When overestimating an account directly results in giving parties who rely on the financial results, and the integrity of those results, to make decision, there is not doubt that deceit and lying are involved. Moreover, because of the reliance on those lies, which the person responsible for making the financial statements is aware of, there is a direct impact on the safety or risk that the other party is taking. To increase the risk someone takes, without letting that person determine whether they want to take that additional risk, is unethical. In fact, if this company were subject to Sarbanes Oxley, this "overestimating" may be illegal.
When financial statements are prepared quarterly, such "overestimates" can serve to severely misrepresent income and available amounts of cash and accounts receivable. Quarterly statements are required where risk is viewed as high and those statements are supposed to accurately state the condition of a business at a specific date. Where accounts do not accurately reflect the true condition of the business there is no way a lender can take proper precautions.
The question asked what was ethical, not what was legal. Moreover, even if GAAP principles, which may have been written prior to Sarbanes-Oxley end up creating a Sarbanes-Oxley violation due to misinformation, then that may still be illegal. GAAP indicates what is allowed, but it is not a judge of ethics, it is only a list of rules.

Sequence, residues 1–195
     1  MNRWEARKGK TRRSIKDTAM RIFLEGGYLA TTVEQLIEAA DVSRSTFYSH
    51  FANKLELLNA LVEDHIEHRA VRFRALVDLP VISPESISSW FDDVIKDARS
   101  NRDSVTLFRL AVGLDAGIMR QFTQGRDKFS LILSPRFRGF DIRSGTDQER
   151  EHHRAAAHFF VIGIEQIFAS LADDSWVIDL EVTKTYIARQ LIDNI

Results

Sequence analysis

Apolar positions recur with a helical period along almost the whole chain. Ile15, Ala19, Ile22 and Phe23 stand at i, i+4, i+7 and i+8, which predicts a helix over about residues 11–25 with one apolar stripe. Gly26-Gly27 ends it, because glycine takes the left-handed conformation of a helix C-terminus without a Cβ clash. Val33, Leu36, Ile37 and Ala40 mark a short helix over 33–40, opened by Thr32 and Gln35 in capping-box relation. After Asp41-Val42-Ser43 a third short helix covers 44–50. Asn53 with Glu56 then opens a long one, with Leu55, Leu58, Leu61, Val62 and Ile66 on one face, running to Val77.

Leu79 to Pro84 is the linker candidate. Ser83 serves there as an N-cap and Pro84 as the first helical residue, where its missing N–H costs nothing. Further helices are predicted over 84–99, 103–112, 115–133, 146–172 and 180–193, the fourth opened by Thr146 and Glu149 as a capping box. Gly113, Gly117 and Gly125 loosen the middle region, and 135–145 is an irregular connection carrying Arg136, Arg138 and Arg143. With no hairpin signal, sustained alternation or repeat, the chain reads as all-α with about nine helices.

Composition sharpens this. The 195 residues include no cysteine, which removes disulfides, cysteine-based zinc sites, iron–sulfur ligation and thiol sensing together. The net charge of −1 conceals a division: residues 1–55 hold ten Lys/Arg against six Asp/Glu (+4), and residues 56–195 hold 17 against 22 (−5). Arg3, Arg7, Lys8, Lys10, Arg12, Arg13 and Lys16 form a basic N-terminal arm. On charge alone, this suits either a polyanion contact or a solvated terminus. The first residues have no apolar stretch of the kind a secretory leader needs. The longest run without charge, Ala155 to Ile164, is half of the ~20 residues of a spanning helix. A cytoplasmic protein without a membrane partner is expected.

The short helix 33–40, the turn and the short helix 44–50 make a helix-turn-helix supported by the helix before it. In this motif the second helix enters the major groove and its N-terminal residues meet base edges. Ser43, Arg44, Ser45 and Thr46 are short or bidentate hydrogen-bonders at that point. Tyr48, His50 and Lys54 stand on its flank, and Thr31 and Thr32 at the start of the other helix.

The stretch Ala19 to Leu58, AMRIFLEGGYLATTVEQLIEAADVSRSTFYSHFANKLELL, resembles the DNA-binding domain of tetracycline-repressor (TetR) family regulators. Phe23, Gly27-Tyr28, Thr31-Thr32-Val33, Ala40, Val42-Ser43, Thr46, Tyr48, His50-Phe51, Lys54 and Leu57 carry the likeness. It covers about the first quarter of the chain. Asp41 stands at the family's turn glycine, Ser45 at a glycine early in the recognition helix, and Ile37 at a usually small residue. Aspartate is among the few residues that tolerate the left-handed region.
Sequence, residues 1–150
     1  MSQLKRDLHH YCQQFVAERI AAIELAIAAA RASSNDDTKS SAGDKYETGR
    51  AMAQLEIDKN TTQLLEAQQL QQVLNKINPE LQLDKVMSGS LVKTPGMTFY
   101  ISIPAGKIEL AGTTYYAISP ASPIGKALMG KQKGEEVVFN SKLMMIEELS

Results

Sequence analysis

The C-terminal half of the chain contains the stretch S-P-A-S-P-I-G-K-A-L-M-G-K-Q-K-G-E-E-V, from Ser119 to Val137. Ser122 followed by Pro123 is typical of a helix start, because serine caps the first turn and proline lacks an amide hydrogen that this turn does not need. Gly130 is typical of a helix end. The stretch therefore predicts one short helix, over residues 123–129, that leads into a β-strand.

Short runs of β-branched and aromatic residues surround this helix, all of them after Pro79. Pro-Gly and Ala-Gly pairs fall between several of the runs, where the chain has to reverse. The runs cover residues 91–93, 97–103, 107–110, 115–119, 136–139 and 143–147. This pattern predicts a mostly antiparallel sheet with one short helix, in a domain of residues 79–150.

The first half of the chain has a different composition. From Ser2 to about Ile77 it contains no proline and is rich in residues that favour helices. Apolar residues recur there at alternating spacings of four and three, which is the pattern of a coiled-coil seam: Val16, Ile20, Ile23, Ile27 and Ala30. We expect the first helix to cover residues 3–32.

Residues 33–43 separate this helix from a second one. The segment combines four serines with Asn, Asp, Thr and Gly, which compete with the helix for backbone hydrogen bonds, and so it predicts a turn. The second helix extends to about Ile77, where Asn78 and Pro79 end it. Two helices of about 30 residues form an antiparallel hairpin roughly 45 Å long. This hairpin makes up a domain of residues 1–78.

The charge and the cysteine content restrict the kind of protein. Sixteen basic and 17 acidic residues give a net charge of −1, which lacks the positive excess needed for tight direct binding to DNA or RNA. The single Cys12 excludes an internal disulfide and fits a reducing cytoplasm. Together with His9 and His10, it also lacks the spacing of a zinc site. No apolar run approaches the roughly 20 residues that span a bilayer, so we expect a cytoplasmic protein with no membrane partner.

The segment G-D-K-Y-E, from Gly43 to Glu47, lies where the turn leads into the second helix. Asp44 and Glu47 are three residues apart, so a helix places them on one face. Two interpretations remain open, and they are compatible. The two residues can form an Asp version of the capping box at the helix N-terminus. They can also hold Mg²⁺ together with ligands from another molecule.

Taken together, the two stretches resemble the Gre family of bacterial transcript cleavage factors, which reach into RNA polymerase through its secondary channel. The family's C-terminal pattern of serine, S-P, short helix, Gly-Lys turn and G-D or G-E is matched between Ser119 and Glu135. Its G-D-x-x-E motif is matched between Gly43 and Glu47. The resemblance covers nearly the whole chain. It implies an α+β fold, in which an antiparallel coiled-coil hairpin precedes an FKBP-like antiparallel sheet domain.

I agree that banks are equally to blame for the banking problems today with mortgages, especially because they faced the same problem in the 1970s and have only repeated the same mistakes 30 years later. The biggest problem they had was not so much that they tried to smooth their incomes, but that, instead, they wanted to make it look like they had huge incomes, and created new mortgages to sell them off so that their fee income and loan generation incomes were very high. Their other largest problem was that in order to make those fees and incomes appear so high, they lowered their credit standards and made loans to persons they knew could not afford those loans. That idea was great, as long as the economy was doing well and interest rates stayed low because when the payments on the loans got to high, the lender would just "refinance" (earning new income) and the payments, for a time, would again be lowered.
When the interest rates finally rose, this practice ended. The financial statements hid many, many hidden "secrets."
Is the above complete, it seems it was cut off?